Matthew E. White Makes Regional Music
Matthew E. White, whose band opens for each of the Mountain Goats' four consecutive New York City shows this weekend (and who composed the horn arrangements for the new Goats album, Transcendental Youth), wrote a letter and slipped it into each vinyl copy of his debut album. "It is regional music," he writes about Big Inner, co-released in August by Hometapes and White's label, Spacebomb. He's referring to the fact that, of the 30-plus musicians who put their hands on Big Inner, all but four of those hands belong to musicians who, like him, are from Richmond, Virginia. "There may be 35 people playing at one time," says White, "but I know who's playing every note. This record sounds like Richmond, and it could've only been made in Richmond."
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For at least the past decade, when people think of Richmond music, they tend to think of metal-jokers Gwar and punk/hardcore bands like Avail and Strike Anywhere. Big Inner is a completely different beast; it is an album of painstakingly composed Southern pop music filled with elegant horns, colorful strings, uplifting choir crescendos and White's hushed, soulful and beatific singing. When I ask about the album's influences, White's quick to give props to Ray Charles' Modern Sounds in Country and Western Music, and the music of Brazilian Tropicália artists like Jorge Ben (the ecstatic final track, "Brazos," borrows lyrics from a Ben tune). Also evident on Big Inner are traces of Dr. John, the Band, Brian Wilson, Allen Toussaint, Randy Newman and Curtis Mayfield. Of the song "Steady Pace," which has a laid-back, cool and rascally bounce like Mungo Jerry's "In the Summertime," White says, "It's like a Meters thing, and then after the chorus it becomes a Jackson 5 thing." The numerous historical reference points are clear, but even clearer is that Big Inner's a Matthew E. White thing, and a Richmond thing--there's really nothing else in recent memory that sounds anything like it.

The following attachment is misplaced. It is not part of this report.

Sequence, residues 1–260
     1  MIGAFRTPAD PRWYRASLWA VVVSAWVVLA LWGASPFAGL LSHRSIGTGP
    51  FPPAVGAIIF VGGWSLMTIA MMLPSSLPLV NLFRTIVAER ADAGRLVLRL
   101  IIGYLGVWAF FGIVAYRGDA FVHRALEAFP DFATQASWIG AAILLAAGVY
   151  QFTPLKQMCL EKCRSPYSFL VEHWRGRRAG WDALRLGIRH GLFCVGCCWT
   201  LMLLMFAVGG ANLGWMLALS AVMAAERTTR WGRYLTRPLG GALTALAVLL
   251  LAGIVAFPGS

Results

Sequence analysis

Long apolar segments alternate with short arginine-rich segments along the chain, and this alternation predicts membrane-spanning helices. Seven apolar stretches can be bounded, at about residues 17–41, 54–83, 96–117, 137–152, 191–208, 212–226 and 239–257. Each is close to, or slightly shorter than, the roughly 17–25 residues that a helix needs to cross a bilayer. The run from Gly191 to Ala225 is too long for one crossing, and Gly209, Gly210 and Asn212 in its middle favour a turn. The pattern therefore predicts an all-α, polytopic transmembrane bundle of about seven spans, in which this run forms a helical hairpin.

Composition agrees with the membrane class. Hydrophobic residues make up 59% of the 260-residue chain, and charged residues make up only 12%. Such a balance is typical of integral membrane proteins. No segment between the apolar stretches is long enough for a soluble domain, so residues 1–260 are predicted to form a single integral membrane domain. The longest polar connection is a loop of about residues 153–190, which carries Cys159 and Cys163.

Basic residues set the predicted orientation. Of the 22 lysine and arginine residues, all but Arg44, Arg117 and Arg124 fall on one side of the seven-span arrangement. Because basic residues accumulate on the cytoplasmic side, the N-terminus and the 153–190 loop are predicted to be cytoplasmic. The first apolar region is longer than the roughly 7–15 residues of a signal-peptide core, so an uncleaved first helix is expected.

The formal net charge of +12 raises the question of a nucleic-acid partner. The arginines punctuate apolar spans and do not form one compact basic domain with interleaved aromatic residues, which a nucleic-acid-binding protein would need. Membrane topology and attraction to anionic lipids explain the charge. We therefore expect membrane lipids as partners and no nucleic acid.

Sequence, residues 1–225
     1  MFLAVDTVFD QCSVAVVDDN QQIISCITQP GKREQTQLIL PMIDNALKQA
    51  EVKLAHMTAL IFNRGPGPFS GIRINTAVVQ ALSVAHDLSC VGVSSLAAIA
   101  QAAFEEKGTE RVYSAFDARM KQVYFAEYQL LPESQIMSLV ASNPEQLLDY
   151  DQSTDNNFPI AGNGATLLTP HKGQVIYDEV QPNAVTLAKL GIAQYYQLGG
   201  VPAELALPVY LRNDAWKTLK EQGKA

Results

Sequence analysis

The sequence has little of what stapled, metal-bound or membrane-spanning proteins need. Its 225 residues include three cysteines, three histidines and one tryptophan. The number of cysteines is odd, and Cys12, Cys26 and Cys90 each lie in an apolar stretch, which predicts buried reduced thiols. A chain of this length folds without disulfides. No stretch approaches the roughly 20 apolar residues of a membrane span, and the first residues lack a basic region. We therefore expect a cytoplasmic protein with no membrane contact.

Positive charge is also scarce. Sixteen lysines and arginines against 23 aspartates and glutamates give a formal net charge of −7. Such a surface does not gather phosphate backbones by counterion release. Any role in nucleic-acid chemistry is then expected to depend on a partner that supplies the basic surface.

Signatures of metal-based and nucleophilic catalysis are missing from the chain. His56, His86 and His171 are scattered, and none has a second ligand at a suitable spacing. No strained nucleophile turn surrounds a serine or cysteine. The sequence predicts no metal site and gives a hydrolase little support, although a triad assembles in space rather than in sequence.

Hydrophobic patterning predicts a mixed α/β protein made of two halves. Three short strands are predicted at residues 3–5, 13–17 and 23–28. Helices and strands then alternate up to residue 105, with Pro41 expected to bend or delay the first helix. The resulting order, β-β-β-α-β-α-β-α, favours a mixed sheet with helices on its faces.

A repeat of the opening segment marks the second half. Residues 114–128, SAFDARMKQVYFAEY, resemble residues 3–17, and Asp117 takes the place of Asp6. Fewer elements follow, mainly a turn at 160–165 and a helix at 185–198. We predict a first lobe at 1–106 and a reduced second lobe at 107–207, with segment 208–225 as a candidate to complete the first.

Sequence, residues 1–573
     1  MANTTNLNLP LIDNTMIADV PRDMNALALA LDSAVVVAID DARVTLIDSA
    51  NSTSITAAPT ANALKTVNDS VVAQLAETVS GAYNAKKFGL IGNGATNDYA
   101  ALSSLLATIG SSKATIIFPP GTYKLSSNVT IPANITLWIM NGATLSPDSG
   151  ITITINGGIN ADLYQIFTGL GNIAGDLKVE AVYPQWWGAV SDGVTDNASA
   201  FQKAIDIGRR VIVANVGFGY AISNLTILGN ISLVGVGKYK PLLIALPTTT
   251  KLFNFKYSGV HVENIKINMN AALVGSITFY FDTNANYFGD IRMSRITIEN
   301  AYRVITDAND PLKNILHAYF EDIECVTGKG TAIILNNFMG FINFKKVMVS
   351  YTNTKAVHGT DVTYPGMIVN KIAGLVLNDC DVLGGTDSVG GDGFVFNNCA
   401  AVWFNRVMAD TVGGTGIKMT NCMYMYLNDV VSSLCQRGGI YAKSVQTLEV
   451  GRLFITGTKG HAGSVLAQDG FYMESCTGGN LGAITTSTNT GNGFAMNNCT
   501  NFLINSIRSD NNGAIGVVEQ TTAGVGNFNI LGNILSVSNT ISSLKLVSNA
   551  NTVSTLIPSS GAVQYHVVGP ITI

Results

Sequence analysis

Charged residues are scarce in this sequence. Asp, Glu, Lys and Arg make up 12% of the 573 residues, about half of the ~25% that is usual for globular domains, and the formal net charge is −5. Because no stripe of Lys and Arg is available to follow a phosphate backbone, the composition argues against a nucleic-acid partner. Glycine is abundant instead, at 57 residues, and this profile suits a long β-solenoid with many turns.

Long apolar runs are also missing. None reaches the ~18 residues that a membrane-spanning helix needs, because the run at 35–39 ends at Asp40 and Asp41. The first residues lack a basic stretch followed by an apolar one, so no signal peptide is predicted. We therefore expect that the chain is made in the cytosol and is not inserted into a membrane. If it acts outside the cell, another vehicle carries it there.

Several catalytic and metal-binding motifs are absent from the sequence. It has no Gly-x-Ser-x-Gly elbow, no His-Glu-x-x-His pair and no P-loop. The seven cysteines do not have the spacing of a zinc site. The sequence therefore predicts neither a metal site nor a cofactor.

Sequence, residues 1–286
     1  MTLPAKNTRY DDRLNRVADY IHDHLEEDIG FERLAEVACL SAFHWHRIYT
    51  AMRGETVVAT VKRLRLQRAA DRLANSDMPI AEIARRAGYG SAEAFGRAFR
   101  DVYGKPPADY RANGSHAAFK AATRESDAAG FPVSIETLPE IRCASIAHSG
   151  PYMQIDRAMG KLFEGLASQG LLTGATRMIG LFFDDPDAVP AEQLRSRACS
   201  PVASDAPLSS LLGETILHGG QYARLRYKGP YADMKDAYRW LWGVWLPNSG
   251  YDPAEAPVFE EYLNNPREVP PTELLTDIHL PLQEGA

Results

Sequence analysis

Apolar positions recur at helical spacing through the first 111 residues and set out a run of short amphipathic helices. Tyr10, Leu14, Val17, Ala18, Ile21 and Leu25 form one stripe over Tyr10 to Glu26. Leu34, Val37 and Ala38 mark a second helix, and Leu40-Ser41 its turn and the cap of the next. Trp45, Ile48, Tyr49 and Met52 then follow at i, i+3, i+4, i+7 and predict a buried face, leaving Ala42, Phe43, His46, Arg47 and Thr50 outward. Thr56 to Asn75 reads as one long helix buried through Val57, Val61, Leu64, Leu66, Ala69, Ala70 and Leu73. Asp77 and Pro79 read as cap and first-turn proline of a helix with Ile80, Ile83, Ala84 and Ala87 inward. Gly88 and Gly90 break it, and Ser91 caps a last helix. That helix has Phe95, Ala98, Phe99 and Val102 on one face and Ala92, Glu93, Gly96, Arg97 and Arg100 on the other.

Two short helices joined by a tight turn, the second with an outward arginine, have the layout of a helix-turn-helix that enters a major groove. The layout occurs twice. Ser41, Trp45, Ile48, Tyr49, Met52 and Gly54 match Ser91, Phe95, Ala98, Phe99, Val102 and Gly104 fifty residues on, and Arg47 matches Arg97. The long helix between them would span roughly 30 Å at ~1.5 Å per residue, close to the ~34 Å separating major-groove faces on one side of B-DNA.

Though recorded in a two week period last year at Spacebomb Studios (A/K/A White's attic), Big Inner is a decade in the making. It's a product of multiple music scenes in Richmond coming together, in part because of the Patchwork Collective, a concert promoting organization White co-founded in the mid-2000s with the aim of building a united front from the city's disparate jazz, rock, folk and experimental music corners. While studying music at Virginia Commonwealth University, White and some fellow students started a band called the Great White Jenkins as an outlet for their more rock-oriented urges. White refers to that band, whose members all contributed in some way to the making of Big Inner, as the "skeleton" for the music he's making now.
When the Great White Jenkins dissolved around 2008, White created Fight The Big Bull, a large free-jazz ensemble that released a solid album called All is Gladness in the Kingdom on the venerable avant-jazz label Clean Feed in 2010. This band brought together some of the finest musicians from Richmond's small, but vibrant, jazz scene; all of them play on Big Inner--an album, White says, that he didn't initially intend to be the first Spacebomb release.